Supercommittee: Will fail. (Called this a long time ago, and made some further predictions on this topic earlier this month. Just wanted to point this out since I know by the time I actually post this the news will already have declared the supercommittee a failure).
President Barack Obama: Re-elected.
House: Going back to Democratic control.
Senate: Toss-up (not much of a prediction here hah).
Affordable Healthcare Act: Deemed Constitutional before the '12 election with Scalia voting in favor of it.
Prop 19 in CA to legalize marijuana: A majority of voters will vote yes this time around.
First off, these are predictions (not things I'm certain of), and I'm sure I will adjust my predictions as the 2012 elections get closer and as new data comes in. However, I've been looking at a lot of information on the topics below lately, and I'm liking the trends that I'm seeing so much that I wanted to ramble on about it for a bit. It really is a bit early to be making the Presidential and Congressional predictions, but a few factors that I will discuss at least make it worth looking at.
Earlier this month, I made this prediction on what would happen with the supercommittee, and it appears that at least the first part will be the case with the latter being very possible (though, technically, a last second deal could still be struck by today):
"My prediction on the supercommittee (or at least what I expect): Republicans will continue to refuse to increase taxes (and refuse to compromise in general), supercommittee will fail, Congress will immediately reinstate (at least part of) the defense cuts (via a bipartisan vote), they will actually compromise on where the cuts go (as a full Chamber after the supercommittee fails)...though that's already been agreed to previously to a certain extent, Bush tax cuts expire for everyone, President Obama scolds GOP for allowing tax cuts on the middle class to expire in order to stand by their demands to keep the tax cuts for the rich in place, and then the Democrats push tax cuts for the middle class to be reinstated over and over again to bait the Republicans into voting against it (I doubt they would, but who knows with today's GOP)."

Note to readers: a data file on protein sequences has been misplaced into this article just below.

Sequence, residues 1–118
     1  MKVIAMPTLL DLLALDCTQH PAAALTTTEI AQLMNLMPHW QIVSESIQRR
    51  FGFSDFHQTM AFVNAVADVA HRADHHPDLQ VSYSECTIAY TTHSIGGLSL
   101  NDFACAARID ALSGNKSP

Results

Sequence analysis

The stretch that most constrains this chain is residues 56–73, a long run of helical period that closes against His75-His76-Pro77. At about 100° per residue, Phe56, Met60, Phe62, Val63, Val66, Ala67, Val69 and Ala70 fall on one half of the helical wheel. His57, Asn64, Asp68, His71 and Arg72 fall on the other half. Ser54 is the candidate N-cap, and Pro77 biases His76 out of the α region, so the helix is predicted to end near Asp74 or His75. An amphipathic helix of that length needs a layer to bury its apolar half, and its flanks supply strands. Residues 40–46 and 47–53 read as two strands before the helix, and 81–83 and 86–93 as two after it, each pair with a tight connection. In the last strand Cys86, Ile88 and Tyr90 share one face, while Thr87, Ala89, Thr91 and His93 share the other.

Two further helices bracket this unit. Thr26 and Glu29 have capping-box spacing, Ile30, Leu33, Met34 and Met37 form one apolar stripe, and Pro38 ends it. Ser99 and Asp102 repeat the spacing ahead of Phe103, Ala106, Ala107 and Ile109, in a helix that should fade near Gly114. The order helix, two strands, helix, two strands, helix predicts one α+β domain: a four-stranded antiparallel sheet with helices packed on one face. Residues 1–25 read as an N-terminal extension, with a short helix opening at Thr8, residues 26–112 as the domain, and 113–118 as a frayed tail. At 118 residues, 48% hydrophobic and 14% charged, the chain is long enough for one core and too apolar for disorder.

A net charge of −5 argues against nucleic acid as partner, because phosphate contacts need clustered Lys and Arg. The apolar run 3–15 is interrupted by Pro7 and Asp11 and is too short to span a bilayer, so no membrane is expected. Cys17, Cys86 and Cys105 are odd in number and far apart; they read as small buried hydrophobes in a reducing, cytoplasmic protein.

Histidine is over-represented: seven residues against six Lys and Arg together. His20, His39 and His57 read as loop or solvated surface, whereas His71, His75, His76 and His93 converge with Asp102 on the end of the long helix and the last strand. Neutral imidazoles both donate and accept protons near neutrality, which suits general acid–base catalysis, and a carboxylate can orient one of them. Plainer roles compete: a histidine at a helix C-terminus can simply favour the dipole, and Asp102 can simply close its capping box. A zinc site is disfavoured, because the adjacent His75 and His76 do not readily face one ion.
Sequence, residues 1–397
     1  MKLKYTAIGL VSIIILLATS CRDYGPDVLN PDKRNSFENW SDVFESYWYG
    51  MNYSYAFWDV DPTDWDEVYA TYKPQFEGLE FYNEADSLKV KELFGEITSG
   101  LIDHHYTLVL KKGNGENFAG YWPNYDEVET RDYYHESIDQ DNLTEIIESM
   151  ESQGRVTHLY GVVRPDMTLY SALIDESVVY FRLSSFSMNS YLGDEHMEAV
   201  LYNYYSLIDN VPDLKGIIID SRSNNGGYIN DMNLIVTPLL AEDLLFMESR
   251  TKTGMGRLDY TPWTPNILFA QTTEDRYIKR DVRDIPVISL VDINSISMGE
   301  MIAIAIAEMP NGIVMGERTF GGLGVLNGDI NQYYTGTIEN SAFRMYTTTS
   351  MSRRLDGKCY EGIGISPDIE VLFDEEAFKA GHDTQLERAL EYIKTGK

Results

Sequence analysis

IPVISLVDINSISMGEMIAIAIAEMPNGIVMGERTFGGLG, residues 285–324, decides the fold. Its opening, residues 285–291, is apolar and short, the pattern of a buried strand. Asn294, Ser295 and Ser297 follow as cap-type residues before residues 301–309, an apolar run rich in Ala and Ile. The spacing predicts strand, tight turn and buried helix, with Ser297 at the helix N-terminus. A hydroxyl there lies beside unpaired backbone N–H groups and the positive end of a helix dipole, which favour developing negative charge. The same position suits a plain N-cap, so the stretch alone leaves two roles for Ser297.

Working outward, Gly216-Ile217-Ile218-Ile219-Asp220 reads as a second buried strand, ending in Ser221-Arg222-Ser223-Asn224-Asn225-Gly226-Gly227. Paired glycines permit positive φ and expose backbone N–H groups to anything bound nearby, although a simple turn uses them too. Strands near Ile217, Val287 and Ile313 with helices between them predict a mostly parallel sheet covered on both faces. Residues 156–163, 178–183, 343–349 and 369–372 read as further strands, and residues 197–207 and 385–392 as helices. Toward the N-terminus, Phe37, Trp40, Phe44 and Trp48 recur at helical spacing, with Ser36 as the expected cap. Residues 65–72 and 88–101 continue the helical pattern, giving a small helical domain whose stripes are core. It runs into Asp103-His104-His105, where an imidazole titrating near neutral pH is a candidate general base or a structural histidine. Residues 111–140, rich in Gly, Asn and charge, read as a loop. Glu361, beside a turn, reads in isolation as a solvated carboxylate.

The supercommittee failing should've been the obvious from its inception, since we currently have a GOP that has forgotten the definition of compromise and how important compromise is to our current Congressional system.
As I mentioned above, there is still time for a last second deal to be struck, but I just don't see the GOP budging with the current environment in D.C. Also, it would be worse for the Democrats to accept a deal with no tax increases than to just let it fail and allow the Bush tax cuts to expire at the end of the year. Reinstating the tax cuts for the middle class would provide political cover for the tax increase, though it would increase our deficit.